Mother is wanting to grant power of attorney to me since father passed away. Would father's assets still have to go through probate now or when mother passes away?
Estate Planning Attorney
Yes-because they would be in deceased person's name.
POA's are void upon death and cannot be assigned.
The answer given does not imply that an attorney-client relationship has been established and your best course of action is to have legal representation in this matter.
3 lawyers agree
Estate Planning Attorney
It depends on how your father's assets were titled when he passed away.
If any of his assets (such as a home and bank accounts) were titled in both his and your mother's names, as joint tenants with right of survivorship, then those assets will pass directly to your mother without the need for probate. Similarly, if he had any life insurance policies/IRA or 401(k) accounts with named beneficiaries, those proceeds should be distributed directly to those beneficiaries without the need for probate.
The POA that you will have over your mother's property will only be in effect while she is alive, and will expire automatically upon her death. At that point, when a probate estate is opened, the person appointed executor (or personal representative) is the person tasked with distributing the her property according to either her will or state law.
When she passes, any assets she owns in her own name, including anything that she held jointly with your father, will be distributed according to her will (assuming she has one). If she does not have a will, her probate estate will be distributed according to the laws of the state in which she resided. In any event, her estate (and your father's estate, for that matter) would be administered by a personal representative appointed by the probate court.
I strongly suggest that your mother hire an estate planning/probate attorney to make sure that any estate documents and powers of attorney she is considering executing accurately reflect her wishes.
Hope this helps.
This answer is in response to a general legal question and is intended for informational purposes only. It does not constitute legal advice. Use of this website and its e-mail link does not create an attorney-client relationship with Attorney Mekdsy. Messages with confidential information should not be sent to Attorney Mekdsy via the e-mail link. The information provided in this answer must not be used as a substitute for consulting with an attorney. Brian Mekdsy is licensed to practice law in the Commonwealth of Massachusetts only.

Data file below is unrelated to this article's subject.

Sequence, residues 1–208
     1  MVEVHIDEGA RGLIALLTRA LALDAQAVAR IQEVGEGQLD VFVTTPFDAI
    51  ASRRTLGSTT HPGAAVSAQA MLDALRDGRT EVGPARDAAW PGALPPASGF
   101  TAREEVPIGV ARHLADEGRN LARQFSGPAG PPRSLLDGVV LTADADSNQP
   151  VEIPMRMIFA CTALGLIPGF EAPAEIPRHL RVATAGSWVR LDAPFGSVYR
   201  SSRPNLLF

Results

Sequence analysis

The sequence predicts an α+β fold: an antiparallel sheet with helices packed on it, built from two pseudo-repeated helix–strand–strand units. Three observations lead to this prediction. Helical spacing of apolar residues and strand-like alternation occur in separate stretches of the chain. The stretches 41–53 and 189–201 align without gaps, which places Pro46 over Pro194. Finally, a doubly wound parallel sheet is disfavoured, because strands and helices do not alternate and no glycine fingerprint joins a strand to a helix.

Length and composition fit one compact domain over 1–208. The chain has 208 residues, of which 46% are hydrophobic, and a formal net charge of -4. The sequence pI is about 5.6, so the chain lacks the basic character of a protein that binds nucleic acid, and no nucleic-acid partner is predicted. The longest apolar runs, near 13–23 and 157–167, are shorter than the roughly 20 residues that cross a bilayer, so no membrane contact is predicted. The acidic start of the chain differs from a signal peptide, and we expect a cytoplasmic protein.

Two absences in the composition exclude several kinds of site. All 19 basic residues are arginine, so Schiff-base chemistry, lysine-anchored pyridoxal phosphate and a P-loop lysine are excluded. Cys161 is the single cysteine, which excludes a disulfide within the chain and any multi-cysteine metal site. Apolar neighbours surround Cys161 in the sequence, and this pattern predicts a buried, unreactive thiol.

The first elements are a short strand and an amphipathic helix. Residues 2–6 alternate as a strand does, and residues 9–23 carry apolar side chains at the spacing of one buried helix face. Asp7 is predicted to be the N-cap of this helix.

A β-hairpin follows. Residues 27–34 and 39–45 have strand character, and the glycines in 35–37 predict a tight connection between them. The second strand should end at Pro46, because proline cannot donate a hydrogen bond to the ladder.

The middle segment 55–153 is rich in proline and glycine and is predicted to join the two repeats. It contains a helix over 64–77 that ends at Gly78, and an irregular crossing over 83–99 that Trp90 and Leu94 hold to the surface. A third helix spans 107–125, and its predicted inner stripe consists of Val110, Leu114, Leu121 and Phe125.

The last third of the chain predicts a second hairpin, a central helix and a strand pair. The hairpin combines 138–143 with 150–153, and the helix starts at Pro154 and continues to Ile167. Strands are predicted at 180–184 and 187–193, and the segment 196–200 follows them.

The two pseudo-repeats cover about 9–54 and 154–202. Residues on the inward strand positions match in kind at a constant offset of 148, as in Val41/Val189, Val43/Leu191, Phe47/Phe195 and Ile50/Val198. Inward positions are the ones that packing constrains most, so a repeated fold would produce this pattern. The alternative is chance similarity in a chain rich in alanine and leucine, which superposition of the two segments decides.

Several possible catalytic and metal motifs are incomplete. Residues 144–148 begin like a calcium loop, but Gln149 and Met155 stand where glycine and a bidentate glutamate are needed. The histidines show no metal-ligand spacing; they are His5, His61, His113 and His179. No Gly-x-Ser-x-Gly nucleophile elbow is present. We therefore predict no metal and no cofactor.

Your situation is not entirely clear, because you have not included much information. Your "father's assets" either need to be probated NOW, or they will never need to be probated. If everything he owned was joint with his wife or named her beneficiary, then it now all belongs to her. That is the most common way for married people to hold title. If that was the case, then no probate will ever be needed for your father. Your mother DOES need to make sure that HER estate planning is in order, so you can avoid probate upon HER death. A POA is a good start, but more will be needed, depending on the assets and your mother's objectives.
***Please be sure to mark if you find the answer "helpful" or a "best" answer. Thank you! I hope this helps. ***************************************** LEGAL DISCLAIMER I am licensed to practice law in the State of Michigan and have offices in Wayne and Ingham Counties. My practice is focused in the areas of estate planning and probate administration. I am ethically required to state that the above answer does not create an attorney/client relationship. These responses should be considered general legal education and are intended to provide general information about the question asked. Frequently, the question does not include important facts that, if known, could significantly change the answer. Information provided on this site should not be used as a substitute for competent legal advice from a licensed attorney that practices in your state. The law changes frequently and varies from state to state. If I refer to your state's laws, you should not rely on what I say; I just did a quick Internet search and found something that looked relevant that I hoped you would find helpful. You should verify and confirm any information provided with an attorney licensed in your state. I hope you our answer helpful!